I am a white male. I recently went through a job search a few months ago and found something interesting: many of the places I looked into (mostly laboratories and jobs at universities) had diversity in the description of what they were looking for in a job candidate. Perhaps I’m wrong (I did end up getting a job tutoring at a university, after all) but it seems like that is essentially saying white men need not apply. Is this proof that white male privilege is no longer a thing?
I think a lot of people forget that racism and sexism in this country wasn’t some low-level phenomenon that only flared up every once in a while, but was, in fact, institutional. More than that, it was taken by many as just plain accepted fact. And this wasn’t something that was going on in the far-flung past, this was something going on within the lifetimes of a lot of people still living today. The ripples of these policies and attitudes will not disappear as soon as a few pieces of legislation are passed. So, does this mean that white men are still privileged in 2019?
First, let’s think about what privilege is. In common vernacular it is used to mean that someone has access to something that other people don’t, usually arbitrarily. Saying that it’s arbitrary is important, because someone who earns access to something isn’t privileged: if you work hard, make a lot of money, and as a result you get to buy first class tickets on the plane, you aren’t really privileged to sit in first class, you earned it. Thus, we can say that the opposite of privilege is merit. Regardless of what one thinks about white male privilege now, it would be ridiculous to say that there wasn’t white male privilege in the past when only white males could own land and vote. That’s arbitrary and wasn’t earned.
How arbitrary are the groups – racial and sexual – into which we categorize people? This is a hairy subject precisely because so much discrimination has occurred based on the notion that differences between groups of people made some people better (morally, intellectually) than others. This was a grave mistake. Just from a consequentialist point of view, one must wonder how many people on the intellectual level as an Einstein or a Kant or a Gandhi were kept from making important contributions to human thought from this sort of arbitrary discrimination. But more than that, it is just deontologically wrong to discrimination in that way.
However, a new mistake seems to have arisen, and that’s mistaking moral equality for biological equality, at least in the case of the sexes. The differences in sexes shouldn’t be seen as a way to judge people’s moral worth or potential in any particular field, but so shouldn’t such equality be mistaken for the sexes being identical in every way. Two years ago James Damore was fired and publicly pilloried for pointing this out, showing just how much of a hot button issue it is.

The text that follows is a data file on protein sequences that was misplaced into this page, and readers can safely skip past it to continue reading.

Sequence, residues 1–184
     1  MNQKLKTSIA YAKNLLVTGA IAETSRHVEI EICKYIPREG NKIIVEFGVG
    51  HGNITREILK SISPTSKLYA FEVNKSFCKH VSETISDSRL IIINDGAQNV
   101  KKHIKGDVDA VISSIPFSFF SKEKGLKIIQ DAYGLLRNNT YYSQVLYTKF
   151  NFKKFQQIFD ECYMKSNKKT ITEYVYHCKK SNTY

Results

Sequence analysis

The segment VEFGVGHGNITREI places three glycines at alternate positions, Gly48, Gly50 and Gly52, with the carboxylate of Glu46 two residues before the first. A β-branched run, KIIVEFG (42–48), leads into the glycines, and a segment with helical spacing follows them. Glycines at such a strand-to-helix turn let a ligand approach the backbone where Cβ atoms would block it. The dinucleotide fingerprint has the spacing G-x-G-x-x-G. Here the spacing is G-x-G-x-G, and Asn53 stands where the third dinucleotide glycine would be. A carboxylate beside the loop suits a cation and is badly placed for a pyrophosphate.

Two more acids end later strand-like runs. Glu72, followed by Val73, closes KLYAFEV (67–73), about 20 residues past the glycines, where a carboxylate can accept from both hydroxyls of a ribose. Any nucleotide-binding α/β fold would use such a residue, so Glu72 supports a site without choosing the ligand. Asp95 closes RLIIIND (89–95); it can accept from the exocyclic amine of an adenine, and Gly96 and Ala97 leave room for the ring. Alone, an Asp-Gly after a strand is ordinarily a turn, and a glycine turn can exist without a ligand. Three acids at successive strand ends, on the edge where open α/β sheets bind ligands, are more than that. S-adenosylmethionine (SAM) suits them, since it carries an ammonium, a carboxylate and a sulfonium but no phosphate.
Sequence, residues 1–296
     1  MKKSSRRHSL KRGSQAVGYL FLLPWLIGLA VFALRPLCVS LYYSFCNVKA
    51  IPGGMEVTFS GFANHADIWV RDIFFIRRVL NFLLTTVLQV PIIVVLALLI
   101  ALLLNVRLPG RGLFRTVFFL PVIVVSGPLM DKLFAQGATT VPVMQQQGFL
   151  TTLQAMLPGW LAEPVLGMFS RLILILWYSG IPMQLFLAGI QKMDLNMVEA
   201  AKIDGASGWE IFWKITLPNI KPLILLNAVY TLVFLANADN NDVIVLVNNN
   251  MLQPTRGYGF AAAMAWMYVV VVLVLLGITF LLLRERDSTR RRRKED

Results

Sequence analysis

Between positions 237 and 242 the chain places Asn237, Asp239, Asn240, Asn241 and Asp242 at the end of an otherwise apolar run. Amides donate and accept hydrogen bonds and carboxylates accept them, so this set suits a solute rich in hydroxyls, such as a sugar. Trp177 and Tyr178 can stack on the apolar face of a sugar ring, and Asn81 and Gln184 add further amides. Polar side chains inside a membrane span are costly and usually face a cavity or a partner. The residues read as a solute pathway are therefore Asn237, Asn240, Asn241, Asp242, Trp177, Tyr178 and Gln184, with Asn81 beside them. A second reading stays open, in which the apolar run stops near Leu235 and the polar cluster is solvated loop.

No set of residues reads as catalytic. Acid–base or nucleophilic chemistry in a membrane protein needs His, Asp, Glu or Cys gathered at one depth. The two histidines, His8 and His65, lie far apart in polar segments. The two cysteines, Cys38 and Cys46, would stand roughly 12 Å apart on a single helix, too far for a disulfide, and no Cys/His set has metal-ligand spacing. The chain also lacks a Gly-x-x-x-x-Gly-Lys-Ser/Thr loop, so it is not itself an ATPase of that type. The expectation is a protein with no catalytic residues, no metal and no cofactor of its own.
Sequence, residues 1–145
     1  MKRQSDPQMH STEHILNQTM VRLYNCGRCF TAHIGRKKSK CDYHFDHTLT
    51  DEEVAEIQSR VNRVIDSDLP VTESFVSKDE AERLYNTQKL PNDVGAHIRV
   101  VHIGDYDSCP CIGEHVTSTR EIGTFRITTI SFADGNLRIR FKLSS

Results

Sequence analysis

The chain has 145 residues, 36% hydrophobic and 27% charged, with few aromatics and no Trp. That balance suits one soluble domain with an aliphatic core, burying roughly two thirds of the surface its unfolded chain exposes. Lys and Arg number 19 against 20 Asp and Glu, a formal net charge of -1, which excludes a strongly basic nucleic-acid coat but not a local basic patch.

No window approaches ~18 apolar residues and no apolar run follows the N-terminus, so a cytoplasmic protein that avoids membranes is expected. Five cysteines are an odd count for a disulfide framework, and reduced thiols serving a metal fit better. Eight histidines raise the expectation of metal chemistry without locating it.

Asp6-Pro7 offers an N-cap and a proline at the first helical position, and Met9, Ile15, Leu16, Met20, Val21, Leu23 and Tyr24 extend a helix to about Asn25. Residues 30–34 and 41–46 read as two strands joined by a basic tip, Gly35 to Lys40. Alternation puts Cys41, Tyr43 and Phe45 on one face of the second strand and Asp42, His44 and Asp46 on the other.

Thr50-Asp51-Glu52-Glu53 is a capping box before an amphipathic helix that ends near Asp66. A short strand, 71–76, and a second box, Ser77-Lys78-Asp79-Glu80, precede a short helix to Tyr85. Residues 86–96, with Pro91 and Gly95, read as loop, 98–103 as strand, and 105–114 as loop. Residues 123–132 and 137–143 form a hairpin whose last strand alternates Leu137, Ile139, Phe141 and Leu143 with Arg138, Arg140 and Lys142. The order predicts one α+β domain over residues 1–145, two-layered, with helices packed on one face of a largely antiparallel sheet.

But there is another sticky issue when it comes to this idea of privilege for a group of people. That has to do with individualism vs collectivism. Obviously, when it comes to racism and sexism, the group is what is arbitrarily used as the criteria for privilege and discrimination. But when it comes to merit, that is a purely individual endeavor. It is individuals that pursue greatness and strive to achieve it. However, there are those who wish to turn this on its head. Proponents of privilege theory want to raise people up based on their arbitrary groups, not through merit but through so-called social justice (reverse discrimination). Meanwhile, opponents to privilege theory seem to think that incidents of racism or sexism happen only on an individual basis rather than to groups as a whole.
I think a reasonable middle ground exists on the issue of whether white male privilege exists: of course it exists, but it doesn’t explain everything about how our society is organized. Indeed, as Coleman Hughes points out in this Quillette piece, a not insignificant portion of the disparity in racial wealth gap can be explained by cultural attitudes and behaviors. Similar findings would likely be found between the cultural attitudes and behaviors of poor whites vs wealthy whites – in other words, its not a race thing as much as it is a cultural thing. Indeed, as Hughes points out, immigrant black people who start off poor usually end up doing better financially than native black people, even though they would face the same (if not more) discrimination.
That being said, does that mean that white male privilege doesn’t exist? I think it would be difficult to make a case that racism is merely a thing of the past and that we have completely overcome it. Even if we were to accept that all of the people in the U.S. (or any other western country) were cured of all racism, which is a preposterous premise, the echos of past racist policies surely continue to have effects in our time. Things like housing, family wealth, and even the very cultural attitudes that explain much of the disparity, are results of such institutional racism in the past, even of that institutional racism is no longer the case.
I’m sure by trying to take a reasonable look at this issue I will have pleased no one. Those on the left will still say I’m a bigot or shitlord or whatever pejorative is in vogue amongst their ilk and those on the right will still say I’m an SJW or or cuck or whatever the popular obloquy is in use by their lot now.